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June 2015: HP will pay $100 million to settle Autonomy-related lawsuit

HP announces it will pay $100 million in a settlement agreement with PGGM Vermogensbeheer B.V.

Dutch PGGM Vermogensbeheer is the lead plaintiff in the securities class action arising from the impairment charge taken by HP following its acquisition of Autonomy.

October 2015: Lynch files lawsuit at UK High Court for $150m damages
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October 2015: Lynch files lawsuit at UK High Court for $150m damages

Lynch takes the legal battle to the UK High Court, seeking $150 million in damages due to the allegations made by HP in relation to the sale of Autonomy.

"Over the past three years, HP has made many statements that were highly damaging to me and misleading to the stock market. Worse - HP knew, or should have known, these statements were false," said Lynch.

The latest development follows days after US court documents reveal that HP was aware of accounting practices at the British firm before it completed the acquisition, with doubts raised early on by senior executives.

September 2016: HPE sells off Autonomy assets in \'spin-merger\'
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September 2016: HPE sells off Autonomy assets in 'spin-merger'

HPE bids a partial farewell to Autonomy, which is included in the $8.8 billion 'spin-merger' deal with MicroFocus.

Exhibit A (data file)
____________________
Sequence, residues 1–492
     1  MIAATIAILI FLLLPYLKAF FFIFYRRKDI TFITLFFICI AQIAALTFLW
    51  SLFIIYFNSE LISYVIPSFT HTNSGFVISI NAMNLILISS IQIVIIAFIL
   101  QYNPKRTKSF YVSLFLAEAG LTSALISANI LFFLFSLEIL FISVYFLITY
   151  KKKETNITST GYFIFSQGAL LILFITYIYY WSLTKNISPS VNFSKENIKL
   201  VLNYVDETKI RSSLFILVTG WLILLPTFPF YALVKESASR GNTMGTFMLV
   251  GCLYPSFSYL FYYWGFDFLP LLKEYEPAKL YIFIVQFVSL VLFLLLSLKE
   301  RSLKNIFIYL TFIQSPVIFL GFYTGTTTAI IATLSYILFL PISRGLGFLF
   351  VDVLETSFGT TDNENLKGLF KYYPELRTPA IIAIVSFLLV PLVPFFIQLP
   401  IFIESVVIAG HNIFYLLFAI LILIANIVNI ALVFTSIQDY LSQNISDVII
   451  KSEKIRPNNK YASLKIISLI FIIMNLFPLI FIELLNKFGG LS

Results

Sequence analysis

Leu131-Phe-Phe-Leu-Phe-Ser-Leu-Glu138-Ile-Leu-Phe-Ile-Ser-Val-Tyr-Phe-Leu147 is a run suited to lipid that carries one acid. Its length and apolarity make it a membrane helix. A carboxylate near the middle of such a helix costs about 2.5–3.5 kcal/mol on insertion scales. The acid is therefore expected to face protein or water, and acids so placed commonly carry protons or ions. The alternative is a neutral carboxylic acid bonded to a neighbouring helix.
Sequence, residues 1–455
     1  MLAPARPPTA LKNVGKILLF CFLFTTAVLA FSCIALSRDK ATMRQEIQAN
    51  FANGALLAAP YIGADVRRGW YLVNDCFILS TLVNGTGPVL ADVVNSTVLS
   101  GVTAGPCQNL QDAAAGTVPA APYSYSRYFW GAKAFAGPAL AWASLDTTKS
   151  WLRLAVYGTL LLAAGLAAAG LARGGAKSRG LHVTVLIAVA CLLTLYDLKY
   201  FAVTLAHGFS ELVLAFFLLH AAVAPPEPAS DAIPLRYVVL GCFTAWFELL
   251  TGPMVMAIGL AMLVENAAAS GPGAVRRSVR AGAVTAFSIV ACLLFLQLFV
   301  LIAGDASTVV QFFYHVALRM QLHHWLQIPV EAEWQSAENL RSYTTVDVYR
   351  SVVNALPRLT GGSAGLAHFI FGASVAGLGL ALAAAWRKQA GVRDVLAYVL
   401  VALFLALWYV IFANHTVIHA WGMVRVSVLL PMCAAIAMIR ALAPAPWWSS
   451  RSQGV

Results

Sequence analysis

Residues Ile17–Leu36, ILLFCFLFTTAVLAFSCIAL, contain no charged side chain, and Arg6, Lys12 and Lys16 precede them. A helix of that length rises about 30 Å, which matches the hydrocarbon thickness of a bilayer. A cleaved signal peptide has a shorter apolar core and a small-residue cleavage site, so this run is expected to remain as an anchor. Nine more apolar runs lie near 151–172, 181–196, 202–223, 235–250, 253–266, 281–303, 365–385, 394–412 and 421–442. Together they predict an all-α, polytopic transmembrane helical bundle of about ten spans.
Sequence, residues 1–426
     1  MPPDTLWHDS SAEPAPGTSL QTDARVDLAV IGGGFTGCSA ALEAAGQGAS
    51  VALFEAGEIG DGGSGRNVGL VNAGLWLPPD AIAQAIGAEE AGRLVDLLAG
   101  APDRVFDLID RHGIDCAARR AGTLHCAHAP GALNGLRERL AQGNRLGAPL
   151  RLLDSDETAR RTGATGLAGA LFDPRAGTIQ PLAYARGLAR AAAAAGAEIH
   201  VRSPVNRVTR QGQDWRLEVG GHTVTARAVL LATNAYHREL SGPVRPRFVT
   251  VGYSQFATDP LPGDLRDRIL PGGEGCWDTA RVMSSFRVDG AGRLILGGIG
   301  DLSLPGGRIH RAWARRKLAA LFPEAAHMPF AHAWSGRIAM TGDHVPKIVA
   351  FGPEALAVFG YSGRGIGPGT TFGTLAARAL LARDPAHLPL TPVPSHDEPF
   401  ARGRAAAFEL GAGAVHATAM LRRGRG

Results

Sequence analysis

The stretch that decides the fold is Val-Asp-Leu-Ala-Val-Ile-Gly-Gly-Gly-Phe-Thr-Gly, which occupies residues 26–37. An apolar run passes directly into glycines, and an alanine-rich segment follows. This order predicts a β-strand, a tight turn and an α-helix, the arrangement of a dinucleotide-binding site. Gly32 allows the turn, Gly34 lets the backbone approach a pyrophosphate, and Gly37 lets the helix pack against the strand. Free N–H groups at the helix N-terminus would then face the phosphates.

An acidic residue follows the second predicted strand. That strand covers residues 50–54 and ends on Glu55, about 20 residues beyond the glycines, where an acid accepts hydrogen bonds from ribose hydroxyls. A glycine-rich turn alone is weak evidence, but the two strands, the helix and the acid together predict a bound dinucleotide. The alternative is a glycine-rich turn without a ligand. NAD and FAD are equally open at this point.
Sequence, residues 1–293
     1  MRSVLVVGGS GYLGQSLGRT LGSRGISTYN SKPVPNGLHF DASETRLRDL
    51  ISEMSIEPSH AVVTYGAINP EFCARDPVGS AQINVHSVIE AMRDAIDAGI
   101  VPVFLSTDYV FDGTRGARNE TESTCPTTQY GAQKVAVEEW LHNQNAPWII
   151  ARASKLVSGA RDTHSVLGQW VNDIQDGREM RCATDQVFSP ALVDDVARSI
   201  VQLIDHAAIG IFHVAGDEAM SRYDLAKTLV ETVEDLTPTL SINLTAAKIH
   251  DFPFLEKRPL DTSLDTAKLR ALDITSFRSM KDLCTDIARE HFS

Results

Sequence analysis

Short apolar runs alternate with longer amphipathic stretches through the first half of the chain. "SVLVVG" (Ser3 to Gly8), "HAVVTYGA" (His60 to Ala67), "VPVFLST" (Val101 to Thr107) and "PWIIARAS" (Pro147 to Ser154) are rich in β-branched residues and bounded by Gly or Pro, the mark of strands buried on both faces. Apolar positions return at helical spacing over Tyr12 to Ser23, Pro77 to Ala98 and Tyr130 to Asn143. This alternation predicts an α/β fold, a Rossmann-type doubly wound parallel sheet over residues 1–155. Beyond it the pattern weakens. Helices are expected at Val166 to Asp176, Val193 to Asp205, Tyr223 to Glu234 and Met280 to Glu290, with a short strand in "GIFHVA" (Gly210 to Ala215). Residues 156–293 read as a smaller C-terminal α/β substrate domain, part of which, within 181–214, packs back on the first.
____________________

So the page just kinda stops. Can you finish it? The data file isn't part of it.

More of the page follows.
The deal involves a $2.5 billion cash payment to HPE and 50.1 percent ownership of the new combined company by HPE shareholders.

The case between HPE and Autonomy's Lynch is set to continue however, with a $5.1bn legal battle kicking-off in a London court in 2018, according to Bloomberg.

March 2019: Mike Lynch fights UK High Court case

March 2019: Mike Lynch fights UK High Court case

In March 2019, Autonomy founder Mike Lynch started a high court defence against charges that he is responsible for a $5 billion (£3.8 billion) fraud. US prosecutors have also brought new charges accusing Lynch of a cover-up involving the destruction of documents, 'paying hush money' to former employees and laundering the proceeds of the HP deal.

If found guilty of charges in the US, Lynch faces up to 25 years in prison. The US Justice Department also plans to confiscate $804 million (£608 million) from Lynch for fraud.

Lynch has denied all charges.